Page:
Multimodal approach to osteoarthritis advocated - Veterinary Practice
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Multimodal approach to osteoarthritis advocated

SOME 600 vets and nurses attended
Excellence in multimodal
osteoarthritis management
CPD events
last October, undertaken in a
collaboration between Pfizer Animal
Health and Hill’s Pet Nutrition,
hearing that the key challenge of
osteoarthritis is how to manage it.

Professors Stuart Carmichael and
John Innes and David Prydie presented
the latest thinking on the disease and
delegates ran through a series of
diagnosis and management exercises
and left with a toolkit of ideas to apply
in practice. Sessions addressed medical
and surgical management of the
osteoarthritic patient as well as
rehabilitation and weight management.

Prof. Carmichael explained why
management of the disease is so
important: “We know osteoarthritis is
very common because we see it all the
time in dogs, yet there is still an
underlying notion that it is a poorly
treated disease.

“This is probably because of the
very nature of the disease. It’s a chronic,
incurable disease which presents when
two different forms – an acute flare and
chronic disease – occur together. It is also worth reminding
ourselves that dogs are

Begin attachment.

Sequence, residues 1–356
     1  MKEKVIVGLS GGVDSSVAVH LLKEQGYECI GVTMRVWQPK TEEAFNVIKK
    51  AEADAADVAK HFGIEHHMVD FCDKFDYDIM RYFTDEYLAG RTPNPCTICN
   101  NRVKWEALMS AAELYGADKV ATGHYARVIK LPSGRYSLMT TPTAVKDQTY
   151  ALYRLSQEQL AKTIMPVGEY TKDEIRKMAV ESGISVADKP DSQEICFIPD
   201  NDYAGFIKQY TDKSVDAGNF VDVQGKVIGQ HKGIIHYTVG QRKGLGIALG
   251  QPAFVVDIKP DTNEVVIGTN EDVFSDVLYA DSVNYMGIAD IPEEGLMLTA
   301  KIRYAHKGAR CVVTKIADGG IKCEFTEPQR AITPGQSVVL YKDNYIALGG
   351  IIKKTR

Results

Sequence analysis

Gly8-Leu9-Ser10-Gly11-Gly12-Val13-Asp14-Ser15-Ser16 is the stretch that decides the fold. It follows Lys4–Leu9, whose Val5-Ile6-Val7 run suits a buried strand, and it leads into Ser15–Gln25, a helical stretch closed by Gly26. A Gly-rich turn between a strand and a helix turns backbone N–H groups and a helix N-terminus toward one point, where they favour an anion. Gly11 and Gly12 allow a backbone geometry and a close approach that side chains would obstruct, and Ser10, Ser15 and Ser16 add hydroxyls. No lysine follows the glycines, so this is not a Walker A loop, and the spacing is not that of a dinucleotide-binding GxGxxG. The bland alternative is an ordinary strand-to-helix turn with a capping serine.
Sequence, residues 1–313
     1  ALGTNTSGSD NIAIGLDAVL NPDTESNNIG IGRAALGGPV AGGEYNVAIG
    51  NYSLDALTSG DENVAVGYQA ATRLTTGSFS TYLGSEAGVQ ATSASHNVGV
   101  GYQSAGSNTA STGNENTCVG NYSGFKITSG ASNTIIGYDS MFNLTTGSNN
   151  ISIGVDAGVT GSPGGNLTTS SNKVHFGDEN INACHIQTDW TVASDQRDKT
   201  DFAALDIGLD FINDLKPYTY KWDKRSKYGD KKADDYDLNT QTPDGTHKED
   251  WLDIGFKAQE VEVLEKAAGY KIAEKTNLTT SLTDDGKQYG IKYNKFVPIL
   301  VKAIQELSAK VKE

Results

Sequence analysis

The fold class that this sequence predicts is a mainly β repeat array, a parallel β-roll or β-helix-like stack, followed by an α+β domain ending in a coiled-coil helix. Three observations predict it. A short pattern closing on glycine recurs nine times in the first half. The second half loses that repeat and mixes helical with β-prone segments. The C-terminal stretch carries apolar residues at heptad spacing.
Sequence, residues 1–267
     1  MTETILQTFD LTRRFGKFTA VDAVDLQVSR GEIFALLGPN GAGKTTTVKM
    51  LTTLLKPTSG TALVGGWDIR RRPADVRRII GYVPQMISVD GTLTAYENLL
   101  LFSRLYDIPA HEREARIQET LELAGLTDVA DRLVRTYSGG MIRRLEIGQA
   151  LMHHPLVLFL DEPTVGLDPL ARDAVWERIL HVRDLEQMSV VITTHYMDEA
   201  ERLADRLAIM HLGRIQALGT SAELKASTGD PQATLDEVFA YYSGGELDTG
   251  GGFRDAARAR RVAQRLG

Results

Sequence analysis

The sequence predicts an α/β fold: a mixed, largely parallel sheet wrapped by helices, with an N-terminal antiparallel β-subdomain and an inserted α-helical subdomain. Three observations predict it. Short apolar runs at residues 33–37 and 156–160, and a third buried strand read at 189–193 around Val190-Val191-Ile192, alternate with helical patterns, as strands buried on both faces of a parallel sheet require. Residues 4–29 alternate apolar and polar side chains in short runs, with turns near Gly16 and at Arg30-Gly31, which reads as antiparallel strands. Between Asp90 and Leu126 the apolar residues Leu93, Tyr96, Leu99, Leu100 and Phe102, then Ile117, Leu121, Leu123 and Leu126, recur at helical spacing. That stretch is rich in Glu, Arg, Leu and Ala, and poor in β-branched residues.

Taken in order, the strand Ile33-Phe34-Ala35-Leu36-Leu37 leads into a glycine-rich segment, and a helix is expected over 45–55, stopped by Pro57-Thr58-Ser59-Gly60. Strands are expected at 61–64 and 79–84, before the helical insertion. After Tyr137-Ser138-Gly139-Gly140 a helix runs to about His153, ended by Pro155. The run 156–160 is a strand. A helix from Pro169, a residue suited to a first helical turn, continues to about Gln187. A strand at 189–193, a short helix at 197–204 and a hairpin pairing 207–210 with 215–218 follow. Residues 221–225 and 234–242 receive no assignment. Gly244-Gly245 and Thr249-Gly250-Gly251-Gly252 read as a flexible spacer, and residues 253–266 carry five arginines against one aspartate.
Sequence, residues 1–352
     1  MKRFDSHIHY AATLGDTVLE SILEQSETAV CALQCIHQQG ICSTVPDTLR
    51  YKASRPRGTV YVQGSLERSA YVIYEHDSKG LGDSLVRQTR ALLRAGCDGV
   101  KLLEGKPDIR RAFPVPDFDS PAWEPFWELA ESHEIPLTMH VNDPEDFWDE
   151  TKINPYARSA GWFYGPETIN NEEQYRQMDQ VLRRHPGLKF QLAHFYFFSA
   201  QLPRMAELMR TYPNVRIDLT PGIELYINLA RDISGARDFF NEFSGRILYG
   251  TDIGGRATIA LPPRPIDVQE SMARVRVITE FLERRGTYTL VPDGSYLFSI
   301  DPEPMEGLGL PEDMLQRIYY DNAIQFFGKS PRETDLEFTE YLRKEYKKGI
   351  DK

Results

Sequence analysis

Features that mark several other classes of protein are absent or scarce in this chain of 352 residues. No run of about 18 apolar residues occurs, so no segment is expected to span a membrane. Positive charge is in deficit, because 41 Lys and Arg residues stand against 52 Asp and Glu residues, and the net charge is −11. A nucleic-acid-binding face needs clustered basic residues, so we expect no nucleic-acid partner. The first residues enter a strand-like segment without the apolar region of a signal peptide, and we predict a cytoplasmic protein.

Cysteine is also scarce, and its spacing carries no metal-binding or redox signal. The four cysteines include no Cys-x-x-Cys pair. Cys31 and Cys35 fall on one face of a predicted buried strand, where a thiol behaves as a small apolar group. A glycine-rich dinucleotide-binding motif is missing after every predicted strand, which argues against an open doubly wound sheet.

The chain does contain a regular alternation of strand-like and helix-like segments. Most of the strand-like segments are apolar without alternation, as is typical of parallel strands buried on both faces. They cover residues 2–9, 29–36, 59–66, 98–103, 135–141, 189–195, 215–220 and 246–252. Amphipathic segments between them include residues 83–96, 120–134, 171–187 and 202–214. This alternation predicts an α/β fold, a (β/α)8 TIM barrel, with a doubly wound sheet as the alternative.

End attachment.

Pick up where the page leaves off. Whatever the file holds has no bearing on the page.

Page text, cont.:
programmed not to
show signs until it has
become chronic, so it is
difficult for owners to

“The underlying
chronic signs tend to go
unnoticed and therefore
unmanaged so vets need
to focus on the chronic
disease element and its
impact and put more
emphasis on the
complexity of the
problem. It is also a lifetime disease
requiring vets to focus on compliance –
the owner needs to come on the
journey to ensure the correct


He continued: “It is the complexity of
the disease that has driven the need for
a multimodal approach. In looking at
the complexity of the pathology, vets
should divide the disease into different
stages (Figure 1).

“The first logical extension of the
disease is outside the joint. That
extension is then
followed by loss of
mobility and then
changes, by which
time even a normal
stimulus becomes a
painful stimulus.
An end-stage joint
will no longer respond to non-
surgical treatment so
this stage needs to be

“How can we use
what we know about
the disease to affect
its management? By
recognising what
stage the disease is at,
vets can assess how
the dog would
respond to different
treatments, bearing in
mind the disease
almost always affects multiple joints so every joint needs to be

“Both clinical and pathological signs
should be used to conduct an appraisal
including structural changes, physical
consequences, pain response and
general information such as the vet’s
background knowledge of the disease,”
he said.”

Using a multimodal management
scheme allows the identification of
treatments that are different in their attack, but also synergistic. By using a
combination of treatments, dependence
on one treatment method is reduced.
Vets can identify which areas are
important by following a six-point plan
to develop a management strategy for
osteoarthritis (Figure 2),” Prof.
Carmichael said.

The speakers demonstrated that by
utilising multiple management options
simultaneously in the treatment of
osteoarthritis, the synergy provides less
dependence on each individual
intervention and helps achieve a better
overall result.

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